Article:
New York’s education plan required by the Every Student Succeeds Act passed federal muster with the U.S. Department of Education, but the state was not granted a waiver that would have allowed it to use tests for students with disabilities that do not match their grade level.
New York had asked the federal government to allow it to test students in grades 4-8 using tests that were no more than two levels below their actual grade. New York, along with all other states, already has the ability to test students with significant cognitive disabilities using tests aligned to “alternate achievement standards.”
A waiver, the state argued, is necessary for students who aren’t eligible for alternate assessments, but whose disabilities preclude their participation in regular grade-level tests. Those students might be able to meet state standards over time, the state said. Special education advocates, as well as the New York City education department, said that out-of-level testing would lower expectations for students with disabilities.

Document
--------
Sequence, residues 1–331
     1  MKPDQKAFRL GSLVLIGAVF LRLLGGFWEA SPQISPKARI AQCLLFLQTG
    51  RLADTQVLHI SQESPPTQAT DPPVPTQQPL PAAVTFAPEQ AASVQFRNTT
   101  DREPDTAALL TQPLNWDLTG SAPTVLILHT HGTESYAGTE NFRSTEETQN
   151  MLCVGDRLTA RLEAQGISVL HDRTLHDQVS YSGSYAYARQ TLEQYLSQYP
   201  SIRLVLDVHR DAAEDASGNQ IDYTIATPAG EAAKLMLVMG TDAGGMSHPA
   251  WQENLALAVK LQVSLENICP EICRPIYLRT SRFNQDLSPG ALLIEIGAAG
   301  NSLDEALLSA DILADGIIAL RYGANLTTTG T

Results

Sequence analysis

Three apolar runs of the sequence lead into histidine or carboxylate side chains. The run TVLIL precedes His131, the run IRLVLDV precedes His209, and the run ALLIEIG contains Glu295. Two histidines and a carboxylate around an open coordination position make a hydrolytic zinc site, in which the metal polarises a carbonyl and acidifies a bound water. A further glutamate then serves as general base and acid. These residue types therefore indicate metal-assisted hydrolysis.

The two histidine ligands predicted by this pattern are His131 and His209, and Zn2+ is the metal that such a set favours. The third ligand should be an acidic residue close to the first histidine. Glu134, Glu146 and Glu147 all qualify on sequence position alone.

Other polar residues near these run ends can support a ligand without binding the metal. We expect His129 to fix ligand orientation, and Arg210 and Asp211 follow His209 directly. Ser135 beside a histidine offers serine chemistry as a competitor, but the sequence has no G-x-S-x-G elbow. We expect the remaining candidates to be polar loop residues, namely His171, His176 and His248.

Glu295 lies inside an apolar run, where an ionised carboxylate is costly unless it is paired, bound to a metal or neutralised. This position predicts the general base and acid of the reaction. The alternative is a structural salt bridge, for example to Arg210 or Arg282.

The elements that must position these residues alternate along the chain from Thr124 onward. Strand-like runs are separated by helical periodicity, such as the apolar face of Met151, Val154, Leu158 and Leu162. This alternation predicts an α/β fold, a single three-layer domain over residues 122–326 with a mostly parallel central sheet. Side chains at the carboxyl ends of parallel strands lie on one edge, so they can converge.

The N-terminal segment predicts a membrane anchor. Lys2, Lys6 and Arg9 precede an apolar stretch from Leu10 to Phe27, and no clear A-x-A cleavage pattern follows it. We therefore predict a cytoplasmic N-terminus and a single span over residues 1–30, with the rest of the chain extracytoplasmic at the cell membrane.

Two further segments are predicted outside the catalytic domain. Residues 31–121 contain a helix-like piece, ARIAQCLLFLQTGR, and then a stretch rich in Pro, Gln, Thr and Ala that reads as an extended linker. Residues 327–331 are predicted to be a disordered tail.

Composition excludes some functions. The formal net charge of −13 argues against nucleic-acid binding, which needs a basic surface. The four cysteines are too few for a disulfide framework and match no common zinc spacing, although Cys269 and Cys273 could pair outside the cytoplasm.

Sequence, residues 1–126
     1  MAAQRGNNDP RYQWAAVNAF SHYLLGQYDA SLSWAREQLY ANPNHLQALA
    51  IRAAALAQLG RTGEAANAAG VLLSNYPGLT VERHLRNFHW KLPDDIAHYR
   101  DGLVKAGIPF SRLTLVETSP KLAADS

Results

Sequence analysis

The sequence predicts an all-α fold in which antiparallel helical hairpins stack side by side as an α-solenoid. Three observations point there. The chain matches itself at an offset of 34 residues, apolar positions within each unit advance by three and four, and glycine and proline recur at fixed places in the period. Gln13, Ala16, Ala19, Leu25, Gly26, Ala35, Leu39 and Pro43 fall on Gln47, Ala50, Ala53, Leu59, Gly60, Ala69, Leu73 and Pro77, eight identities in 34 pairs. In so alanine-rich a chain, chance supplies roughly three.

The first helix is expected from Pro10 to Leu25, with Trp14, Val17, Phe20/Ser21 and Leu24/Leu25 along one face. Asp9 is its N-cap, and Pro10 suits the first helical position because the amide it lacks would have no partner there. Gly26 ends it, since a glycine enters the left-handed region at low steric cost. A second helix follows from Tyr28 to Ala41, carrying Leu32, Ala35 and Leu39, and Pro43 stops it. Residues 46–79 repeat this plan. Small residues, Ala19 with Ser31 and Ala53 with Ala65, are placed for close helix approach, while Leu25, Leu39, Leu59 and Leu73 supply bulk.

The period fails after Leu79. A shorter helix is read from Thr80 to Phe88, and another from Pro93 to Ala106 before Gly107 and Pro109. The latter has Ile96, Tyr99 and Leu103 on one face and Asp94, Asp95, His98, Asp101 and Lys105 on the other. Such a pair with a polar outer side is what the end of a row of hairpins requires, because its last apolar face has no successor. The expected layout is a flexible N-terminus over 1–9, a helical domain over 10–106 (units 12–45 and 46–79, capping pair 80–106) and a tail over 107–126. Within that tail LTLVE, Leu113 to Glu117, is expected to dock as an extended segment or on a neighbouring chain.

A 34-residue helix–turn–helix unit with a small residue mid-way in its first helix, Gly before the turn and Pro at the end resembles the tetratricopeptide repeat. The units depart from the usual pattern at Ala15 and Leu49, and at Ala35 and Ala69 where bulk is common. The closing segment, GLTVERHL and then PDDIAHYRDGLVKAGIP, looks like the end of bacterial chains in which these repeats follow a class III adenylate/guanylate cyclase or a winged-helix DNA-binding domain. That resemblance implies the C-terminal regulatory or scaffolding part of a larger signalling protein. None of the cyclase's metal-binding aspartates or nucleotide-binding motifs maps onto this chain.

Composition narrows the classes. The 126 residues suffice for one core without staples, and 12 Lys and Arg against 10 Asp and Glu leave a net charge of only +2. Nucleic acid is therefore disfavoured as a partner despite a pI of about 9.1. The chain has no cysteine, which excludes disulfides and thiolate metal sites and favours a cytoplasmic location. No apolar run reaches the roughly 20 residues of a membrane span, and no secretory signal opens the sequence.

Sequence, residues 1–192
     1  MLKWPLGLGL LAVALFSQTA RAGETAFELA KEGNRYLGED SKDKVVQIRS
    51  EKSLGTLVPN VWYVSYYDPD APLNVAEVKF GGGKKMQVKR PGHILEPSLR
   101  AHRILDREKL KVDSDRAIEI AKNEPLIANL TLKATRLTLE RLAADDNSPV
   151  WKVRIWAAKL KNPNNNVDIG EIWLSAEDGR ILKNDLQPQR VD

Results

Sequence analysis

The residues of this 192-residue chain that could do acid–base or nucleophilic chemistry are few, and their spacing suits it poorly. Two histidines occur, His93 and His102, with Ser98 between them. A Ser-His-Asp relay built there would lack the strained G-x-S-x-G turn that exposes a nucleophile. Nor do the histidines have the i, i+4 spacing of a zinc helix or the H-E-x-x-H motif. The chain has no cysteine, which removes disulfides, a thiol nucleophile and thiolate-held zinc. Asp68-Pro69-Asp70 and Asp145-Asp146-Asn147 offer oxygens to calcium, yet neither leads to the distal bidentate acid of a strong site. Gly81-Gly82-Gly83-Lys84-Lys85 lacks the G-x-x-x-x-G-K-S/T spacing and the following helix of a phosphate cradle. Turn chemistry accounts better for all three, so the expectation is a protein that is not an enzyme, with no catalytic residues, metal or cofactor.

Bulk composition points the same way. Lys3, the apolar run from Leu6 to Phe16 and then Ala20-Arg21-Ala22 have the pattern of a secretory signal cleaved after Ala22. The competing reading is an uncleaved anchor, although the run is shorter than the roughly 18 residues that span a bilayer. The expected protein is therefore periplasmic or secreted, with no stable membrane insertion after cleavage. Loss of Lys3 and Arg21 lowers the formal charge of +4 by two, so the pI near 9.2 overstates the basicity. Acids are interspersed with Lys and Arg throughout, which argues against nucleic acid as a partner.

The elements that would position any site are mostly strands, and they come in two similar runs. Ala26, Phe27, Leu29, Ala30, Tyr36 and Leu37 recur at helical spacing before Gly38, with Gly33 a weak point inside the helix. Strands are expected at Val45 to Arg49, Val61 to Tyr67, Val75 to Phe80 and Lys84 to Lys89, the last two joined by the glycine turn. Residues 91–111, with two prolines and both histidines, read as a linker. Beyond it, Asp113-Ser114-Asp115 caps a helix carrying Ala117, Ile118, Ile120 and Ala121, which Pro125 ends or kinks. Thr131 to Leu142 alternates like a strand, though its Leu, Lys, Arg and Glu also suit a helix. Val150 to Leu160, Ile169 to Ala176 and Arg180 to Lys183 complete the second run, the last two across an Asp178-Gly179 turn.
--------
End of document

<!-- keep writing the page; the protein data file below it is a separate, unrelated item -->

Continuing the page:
In a Jan. 16 letter, the Education Department turned down the waiver. New York “has not demonstrated the requested waiver would advance student achievement, or how it will maintain or improve transparency in reporting to parents and the public on student achievement and school performance,” said Jason Botel, the acting assistant secretary of elementary and secondary education.
New York had made a similar request when it requested a waiver from No Child Left Behind Act requirements back in 2014. The state education—at the time, under the leadership of John B. King Jr., who would become the U.S. Secretary of Education in 2016—eventually withdrew its proposal.
A version of this news article first appeared in the On Special Education blog.